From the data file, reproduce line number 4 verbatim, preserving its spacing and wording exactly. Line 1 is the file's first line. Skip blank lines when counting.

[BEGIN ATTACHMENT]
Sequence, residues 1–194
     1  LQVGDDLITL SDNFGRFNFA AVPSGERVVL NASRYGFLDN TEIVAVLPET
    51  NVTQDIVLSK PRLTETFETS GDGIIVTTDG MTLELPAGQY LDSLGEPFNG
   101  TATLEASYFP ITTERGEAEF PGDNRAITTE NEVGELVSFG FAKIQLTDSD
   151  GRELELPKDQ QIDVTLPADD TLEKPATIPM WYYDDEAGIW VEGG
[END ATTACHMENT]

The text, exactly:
   101  TATLEASYFP ITTERGEAEF PGDNRAITTE NEVGELVSFG FAKIQLTDSD